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COMplex Fracture Orthopedic Rehabilitation (COMFORT) - Real-time visual biofeedback on weight bearing versus standard training methods in the treatment of proximal femur fractures in the elderly: study protocol for a multicenter randomized controlled trial

  • Marco Raaben
  • Syaiful Redzwan
  • Robin Augustine
  • Taco Johan Blokhuis
Open Access
Study protocol

Abstract

Background

Proximal femur fractures are a common injury after low energy trauma in the elderly. Most rehabilitation programs are based on restoring mobility and early resumption of weight-bearing. However, therapy compliance is low in patients following lower extremity fractures. Moreover, little is known about the relevance of gait parameters and how to steer the rehabilitation after proximal femur fractures in the elderly. Therefore, the aim of this prospective, randomized controlled trial is to gain insight in gait parameters and evaluate if real-time visual biofeedback can improve therapy compliance after proximal femur fractures in the elderly.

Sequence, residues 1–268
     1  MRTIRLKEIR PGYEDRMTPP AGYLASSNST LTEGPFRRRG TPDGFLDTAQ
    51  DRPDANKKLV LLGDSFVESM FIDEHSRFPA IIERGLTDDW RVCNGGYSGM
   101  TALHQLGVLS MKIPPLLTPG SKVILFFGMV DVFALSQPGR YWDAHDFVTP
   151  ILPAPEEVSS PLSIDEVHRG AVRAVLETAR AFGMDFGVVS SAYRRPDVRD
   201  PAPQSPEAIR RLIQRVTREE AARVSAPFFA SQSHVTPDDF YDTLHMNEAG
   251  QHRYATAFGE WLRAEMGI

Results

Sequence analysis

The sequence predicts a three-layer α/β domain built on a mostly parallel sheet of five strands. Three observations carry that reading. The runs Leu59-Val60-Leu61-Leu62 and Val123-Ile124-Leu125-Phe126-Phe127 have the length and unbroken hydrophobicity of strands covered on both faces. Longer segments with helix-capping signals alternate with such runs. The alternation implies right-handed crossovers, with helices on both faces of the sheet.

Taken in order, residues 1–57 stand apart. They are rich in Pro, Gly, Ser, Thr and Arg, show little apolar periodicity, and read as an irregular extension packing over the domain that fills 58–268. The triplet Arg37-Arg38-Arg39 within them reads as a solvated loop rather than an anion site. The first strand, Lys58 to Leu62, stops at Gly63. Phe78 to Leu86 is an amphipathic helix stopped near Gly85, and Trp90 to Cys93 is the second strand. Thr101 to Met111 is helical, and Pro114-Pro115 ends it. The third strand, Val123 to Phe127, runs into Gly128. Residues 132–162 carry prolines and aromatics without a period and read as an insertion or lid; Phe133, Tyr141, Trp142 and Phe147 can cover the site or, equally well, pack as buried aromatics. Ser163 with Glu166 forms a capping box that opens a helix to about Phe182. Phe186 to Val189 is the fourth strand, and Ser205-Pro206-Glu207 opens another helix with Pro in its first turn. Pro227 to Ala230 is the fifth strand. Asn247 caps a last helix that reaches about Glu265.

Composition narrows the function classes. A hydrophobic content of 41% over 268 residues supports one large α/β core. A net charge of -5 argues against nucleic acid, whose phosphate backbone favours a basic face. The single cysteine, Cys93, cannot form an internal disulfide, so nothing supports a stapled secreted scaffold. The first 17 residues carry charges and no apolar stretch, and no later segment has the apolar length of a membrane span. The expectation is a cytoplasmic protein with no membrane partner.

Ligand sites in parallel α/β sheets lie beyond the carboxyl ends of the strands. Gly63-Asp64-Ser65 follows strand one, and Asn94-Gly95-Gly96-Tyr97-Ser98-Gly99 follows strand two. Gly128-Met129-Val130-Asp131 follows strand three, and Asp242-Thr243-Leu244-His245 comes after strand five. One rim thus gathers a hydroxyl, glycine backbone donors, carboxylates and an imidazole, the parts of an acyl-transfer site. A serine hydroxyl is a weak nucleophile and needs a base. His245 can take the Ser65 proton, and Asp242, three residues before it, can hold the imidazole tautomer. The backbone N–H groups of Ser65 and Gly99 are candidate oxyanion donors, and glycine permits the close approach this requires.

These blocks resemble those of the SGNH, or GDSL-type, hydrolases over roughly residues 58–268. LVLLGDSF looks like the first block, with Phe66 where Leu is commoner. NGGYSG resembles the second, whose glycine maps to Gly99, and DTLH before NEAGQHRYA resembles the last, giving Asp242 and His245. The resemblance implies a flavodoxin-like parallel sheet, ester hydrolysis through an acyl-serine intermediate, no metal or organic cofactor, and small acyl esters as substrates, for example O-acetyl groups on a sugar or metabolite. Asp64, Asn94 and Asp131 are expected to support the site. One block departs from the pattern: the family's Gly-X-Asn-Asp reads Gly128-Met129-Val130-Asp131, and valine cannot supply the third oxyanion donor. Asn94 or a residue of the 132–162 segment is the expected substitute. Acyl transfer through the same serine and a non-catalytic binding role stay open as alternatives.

Methods

This is a two-arm, parallel-design, prospective, randomized controlled trial. Inclusion criteria are age ≥ 60 years, a proximal femur fracture following low energy trauma, and unrestricted-weight bearing. Exclusion criteria are cognitive impairment and limited mobility before trauma. Participants are randomized into either the control group, which receives care as usual, or the intervention group, which receives real-time visual biofeedback about weight-bearing during gait in addition to care as usual. Spatiotemporal gait parameters will be measured in 94 participants per group during a 30-m walk with an ambulatory biofeedback system (SensiStep). The progress of rehabilitation will be evaluated by the primary outcome parameters maximum peak load and step duration in relation to the discharge date. Secondary outcome parameters include other spatiotemporal gait parameters in relation to discharge date. Furthermore, the gait parameters will be related to three validated clinical tests: Elderly Mobility Scale; Functional Ambulation Categories; and Visual Analogue Scale. The primary hypothesis is that participants in the intervention group will show improved and faster rehabilitation compared to the control group.